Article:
So, what can biotin do for you? If you have a biotin deficiency, it can potentially help you grow thicker, healthier hair. However, it isn’t proven to have any benefits for stopping the effects of DHT-induced hair loss.

Saw Palmetto

Saw palmetto is another common ingredient in hair loss supplements. Studies show that saw palmetto has a measurable effect on DHT levels in the prostate, suggesting that it could be an effective natural treatment for male pattern baldness.

In one study, supplementation with a saw palmetto herbal blend resulted in a 32% reduction in DHT levels in prostate tissue. While the effect of saw palmetto on DHT isn’t anywhere near as strong as finasteride, it does have some positive effect on reducing DHT levels in men.

This means that supplements containing saw palmetto could potentially slow down your rate of hair loss, albeit not to the same rate as finasteride.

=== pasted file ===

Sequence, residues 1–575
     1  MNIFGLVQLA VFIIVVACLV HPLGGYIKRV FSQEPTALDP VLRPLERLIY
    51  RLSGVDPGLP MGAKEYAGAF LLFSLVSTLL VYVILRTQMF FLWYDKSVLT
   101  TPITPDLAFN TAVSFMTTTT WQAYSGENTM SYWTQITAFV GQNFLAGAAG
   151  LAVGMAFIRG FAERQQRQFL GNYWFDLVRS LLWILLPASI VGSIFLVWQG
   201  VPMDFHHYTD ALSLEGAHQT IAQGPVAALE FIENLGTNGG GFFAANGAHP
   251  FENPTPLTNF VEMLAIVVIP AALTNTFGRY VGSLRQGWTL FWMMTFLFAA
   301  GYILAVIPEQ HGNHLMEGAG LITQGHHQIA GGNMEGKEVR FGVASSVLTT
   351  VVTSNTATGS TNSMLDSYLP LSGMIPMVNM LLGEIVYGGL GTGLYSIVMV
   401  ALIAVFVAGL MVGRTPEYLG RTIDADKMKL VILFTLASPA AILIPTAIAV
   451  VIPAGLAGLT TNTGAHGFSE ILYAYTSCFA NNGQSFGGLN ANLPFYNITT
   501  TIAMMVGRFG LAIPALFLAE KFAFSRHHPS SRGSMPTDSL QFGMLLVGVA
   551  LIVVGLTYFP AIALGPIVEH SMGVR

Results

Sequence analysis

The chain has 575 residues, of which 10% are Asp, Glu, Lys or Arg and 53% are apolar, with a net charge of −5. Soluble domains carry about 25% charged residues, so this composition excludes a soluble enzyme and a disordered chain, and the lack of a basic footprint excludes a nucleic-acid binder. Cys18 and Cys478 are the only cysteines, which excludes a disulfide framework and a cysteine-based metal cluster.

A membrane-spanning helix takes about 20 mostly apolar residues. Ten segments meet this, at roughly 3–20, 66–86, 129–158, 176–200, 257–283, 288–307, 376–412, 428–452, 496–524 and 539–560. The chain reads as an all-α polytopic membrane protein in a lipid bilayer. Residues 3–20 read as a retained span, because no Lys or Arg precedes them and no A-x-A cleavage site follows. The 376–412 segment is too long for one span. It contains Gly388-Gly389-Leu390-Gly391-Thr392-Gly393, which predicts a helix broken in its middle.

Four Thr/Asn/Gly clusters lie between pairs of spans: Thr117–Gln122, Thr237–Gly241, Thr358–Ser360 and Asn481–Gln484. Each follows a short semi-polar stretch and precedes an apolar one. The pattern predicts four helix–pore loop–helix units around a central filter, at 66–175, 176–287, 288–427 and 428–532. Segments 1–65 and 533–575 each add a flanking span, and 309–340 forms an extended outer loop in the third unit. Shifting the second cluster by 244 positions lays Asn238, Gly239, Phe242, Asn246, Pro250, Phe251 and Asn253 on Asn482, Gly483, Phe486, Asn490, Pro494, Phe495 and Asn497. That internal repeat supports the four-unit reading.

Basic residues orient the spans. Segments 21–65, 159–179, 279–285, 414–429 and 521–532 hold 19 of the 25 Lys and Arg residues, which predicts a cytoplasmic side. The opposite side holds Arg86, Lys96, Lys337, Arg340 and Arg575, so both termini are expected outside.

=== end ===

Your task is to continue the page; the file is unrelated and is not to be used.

Because saw palmetto and finasteride both lower DHT, it’s not recommended to use both DHT blocking substances at the same time. Instead, it’s safer to stick with one DHT blocker to keep your DHT levels under control and slow down androgen-induced hair loss.

So, what can saw palmetto do for you? At a normal dose, it can cause a slight reduction in DHT and potentially reduce your rate of hair loss. Just don’t expect results similar to a pharmaceutical DHT blocker like finasteride.

Pumpkin Seed Oil

Pumpkin seed oil is linked to a reduction in 5-alpha reductase -- the enzyme that’s responsible for converting testosterone into DHT -- in rats. It’s also linked to a mild increase in hair growth for humans, making it a popular natural treatment for male hair loss.